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Social networks matter to addiction researchers and treatment providers. They are an integral part in understanding how and why people do the things they do. For persons with co-occurring substance use problems and mental illness, the need to understand their social networks is very timely, as persons with Co-occurring substance use Disorders and mental illness (CODs) represent one of the hardest groups to reach among those in need of treatment services [1] and cost more than others to treat [2]. Examining the social networks of persons with CODs may assist in understanding why some persons seek treatment services, while a great many others do not. This paper outlines how social networks can offer insight into the dynamic processes associated with entering and persisting through treatment among persons with CODs. The importance of co-occurring disorders Persons with Cooccurring substance use Disorders and mental illness (CODs) represent a very sizable portion of individuals in need of mental health treatment. The National Epidemiologic Survey on Alcohol-Related Conditions (NESARC) shows that 18.9% of individuals with a 12-month alcohol use disorder also report a co-occurring mood disorder, with 17.1% reporting a co-occurring anxiety disorder [3]. From a lifetime perspective, the National Co-morbidity survey shows us that as many as 52% of individuals with a lifetime alcohol use disorder also experienced a mental health disorder [4]. Additionally, of those with a lifetime drug use disorder, 59% experienced a lifetime mental health disorder [5]. Furthermore, only small portions of persons with CODs who need treatment actually receive it. National estimates of 3 persons with CODs suggest that upwards of 75% do not receive any treatment, or believe they do not need it [6]. However, emerging research that examines the role of others, or those within one’s social network, reveals that a large portion of the decision to initiate mental health treatment may stem from the influence of close personal relationships [7]. Often times either perception from family members that treatment is effective [8], or the report of the positive feelings associated with interaction among family members [9] are well linked to a person’s desire to initiate treatment for CODs. This suggests that family members, as well as others in a social network, play a vital role in seeking treatment.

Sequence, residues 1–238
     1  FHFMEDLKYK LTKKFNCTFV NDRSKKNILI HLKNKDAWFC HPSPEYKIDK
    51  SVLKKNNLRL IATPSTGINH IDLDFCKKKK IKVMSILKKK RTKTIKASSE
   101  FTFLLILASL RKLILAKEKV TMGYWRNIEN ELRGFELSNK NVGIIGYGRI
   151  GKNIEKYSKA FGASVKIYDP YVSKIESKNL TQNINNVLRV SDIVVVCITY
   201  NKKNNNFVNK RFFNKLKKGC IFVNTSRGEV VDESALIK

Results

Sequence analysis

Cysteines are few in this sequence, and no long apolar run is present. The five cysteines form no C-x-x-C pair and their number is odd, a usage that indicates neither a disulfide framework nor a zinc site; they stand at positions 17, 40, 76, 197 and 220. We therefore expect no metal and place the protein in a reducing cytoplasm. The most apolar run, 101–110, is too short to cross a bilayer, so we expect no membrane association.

The Network Episode Model